Casa Bernabé has a long history of investing in at-risk youth. Located on 13 acres outside of Guatemala City, Casa Bernabé is home to more than 150 children that have come from at-risk living situations. Their unique approach to orphan care includes homes with family groups. Each child belongs to a loving, nurturing family made up of house parents and their own children. They live together in individual homes large enough for 15-20 children of the same age group. As a family unit they eat, pray, play and work together.

In this video, Lili shares how her life was rescued and healed through the community at Casa Bernabé.

2012 was a year of adventure and blessing for Athentikos

2012 Athentikos Collage

We are grateful to be able to share the journey of 2012 with you:

  • Athentikos took a risk and began production
    on the Becoming Fools documentary without full funding, believing God
    would provide. As of December 2012, the film is 75% complete.
  • Athentikos was blessed with our first production intern, Brandon Rojano.
  • In June, Athentikos partnered with Guatemalan Churches, NGO’s, Local and Federal Government in a consultation event to explore homelessness and present an official report to the Guatemalan Government.
  • In June, homeless youth shared their story through a theatrical performance in front of over 400 people in Guatemala’s historic Teatro Abril.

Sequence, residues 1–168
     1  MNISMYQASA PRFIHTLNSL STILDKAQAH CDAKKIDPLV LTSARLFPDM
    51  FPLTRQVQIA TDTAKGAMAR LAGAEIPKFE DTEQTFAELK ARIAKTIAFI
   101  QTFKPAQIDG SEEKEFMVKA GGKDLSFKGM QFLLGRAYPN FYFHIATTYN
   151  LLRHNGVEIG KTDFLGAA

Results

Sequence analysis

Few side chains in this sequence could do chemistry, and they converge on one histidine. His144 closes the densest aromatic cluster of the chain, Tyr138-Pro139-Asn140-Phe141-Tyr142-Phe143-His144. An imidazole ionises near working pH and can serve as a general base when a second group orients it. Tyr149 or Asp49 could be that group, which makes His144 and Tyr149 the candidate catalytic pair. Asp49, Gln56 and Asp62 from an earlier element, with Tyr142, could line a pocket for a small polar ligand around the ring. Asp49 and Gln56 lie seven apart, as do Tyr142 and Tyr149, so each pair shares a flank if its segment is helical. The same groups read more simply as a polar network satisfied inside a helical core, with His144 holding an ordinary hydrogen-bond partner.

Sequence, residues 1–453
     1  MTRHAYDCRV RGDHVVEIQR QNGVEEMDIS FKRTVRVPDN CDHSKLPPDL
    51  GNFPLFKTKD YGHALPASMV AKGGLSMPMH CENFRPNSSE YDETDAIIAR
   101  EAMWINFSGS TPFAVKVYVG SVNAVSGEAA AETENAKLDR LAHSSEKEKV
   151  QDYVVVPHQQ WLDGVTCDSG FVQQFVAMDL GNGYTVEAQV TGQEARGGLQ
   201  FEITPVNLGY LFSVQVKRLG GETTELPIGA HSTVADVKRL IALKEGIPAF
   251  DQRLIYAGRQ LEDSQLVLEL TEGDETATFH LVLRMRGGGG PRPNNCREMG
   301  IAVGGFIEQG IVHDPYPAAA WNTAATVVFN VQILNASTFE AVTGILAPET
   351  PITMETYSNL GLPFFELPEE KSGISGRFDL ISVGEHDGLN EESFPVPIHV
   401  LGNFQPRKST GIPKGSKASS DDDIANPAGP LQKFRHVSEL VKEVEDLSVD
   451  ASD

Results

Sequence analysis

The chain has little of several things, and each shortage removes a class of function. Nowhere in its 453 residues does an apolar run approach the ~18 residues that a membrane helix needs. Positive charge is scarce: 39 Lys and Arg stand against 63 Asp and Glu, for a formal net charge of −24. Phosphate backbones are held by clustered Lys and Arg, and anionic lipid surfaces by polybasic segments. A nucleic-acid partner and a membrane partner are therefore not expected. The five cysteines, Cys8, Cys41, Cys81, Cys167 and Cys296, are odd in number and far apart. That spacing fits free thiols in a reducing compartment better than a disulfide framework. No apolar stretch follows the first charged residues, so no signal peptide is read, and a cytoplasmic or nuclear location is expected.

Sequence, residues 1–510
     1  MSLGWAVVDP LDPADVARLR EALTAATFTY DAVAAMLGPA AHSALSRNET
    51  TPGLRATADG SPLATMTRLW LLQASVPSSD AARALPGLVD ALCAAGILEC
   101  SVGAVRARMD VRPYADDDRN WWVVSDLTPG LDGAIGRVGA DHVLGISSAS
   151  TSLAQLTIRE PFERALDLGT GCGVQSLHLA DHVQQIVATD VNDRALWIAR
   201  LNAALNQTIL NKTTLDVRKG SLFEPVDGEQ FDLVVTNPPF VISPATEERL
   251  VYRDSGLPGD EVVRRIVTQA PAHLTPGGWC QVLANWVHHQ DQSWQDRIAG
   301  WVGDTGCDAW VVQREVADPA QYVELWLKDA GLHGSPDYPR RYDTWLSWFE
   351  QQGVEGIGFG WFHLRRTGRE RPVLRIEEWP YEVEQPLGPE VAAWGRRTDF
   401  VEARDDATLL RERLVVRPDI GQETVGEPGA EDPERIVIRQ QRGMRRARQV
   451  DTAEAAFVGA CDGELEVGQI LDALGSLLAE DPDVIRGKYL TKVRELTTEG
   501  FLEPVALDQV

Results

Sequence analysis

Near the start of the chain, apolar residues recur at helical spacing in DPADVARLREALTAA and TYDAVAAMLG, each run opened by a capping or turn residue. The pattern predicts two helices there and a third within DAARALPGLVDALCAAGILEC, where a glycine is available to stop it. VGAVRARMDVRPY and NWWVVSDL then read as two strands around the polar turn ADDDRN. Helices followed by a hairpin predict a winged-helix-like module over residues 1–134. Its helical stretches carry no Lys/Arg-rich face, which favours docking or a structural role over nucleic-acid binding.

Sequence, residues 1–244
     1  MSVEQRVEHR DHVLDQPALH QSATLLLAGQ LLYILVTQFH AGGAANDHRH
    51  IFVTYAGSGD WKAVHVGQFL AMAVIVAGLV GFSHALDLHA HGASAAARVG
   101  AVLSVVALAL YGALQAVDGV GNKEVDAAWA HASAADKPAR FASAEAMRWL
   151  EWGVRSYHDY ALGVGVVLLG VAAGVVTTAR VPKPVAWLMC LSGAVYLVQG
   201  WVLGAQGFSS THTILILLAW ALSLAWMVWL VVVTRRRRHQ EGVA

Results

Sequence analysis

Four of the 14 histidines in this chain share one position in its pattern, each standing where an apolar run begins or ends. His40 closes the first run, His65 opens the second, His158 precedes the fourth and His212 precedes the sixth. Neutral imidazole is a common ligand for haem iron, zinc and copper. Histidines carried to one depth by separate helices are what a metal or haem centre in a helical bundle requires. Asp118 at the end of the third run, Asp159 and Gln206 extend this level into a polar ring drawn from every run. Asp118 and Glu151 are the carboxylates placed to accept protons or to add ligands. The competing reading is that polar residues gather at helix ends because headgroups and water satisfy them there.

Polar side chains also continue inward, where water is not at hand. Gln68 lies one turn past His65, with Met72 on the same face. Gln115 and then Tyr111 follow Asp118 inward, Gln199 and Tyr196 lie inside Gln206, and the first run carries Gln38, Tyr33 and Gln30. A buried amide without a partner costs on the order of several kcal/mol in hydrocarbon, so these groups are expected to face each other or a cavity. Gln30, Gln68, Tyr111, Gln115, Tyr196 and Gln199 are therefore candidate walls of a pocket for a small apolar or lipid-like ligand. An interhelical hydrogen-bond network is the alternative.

• Athentikos served on a leadership team with Lemonade International & Vidas Plenas to host an annual Art Camp
    for 100 at-risk kids in the community of La Limonada. Guatemala.
    Athentikos provided over 70% of the funding through individual donations
    and a grant given by LEGO.

Stories inspire change and hope. We are thankful to be
able to share these incredible blessings from 2012! They would not be
possible without you! Please help Athentikos continue to inspire through
the art of story by giving a tax-deductible gift of $50, $100, $200 or
more. Your investment will be exponentially returned as it inspires through the art of story throughout 2013 and years to come!

Thank you for believing with us and generously sharing your time, talent
and treasure! We are all part of this story to inspire together!

Help us inspire hope by giving a tax-deductible donation.

Please give online today or send a check to:

Athentikos PO Box 1902 Springhill, TN 37174

Thank you,

Scott & Amelia Moore

www.athentikos.com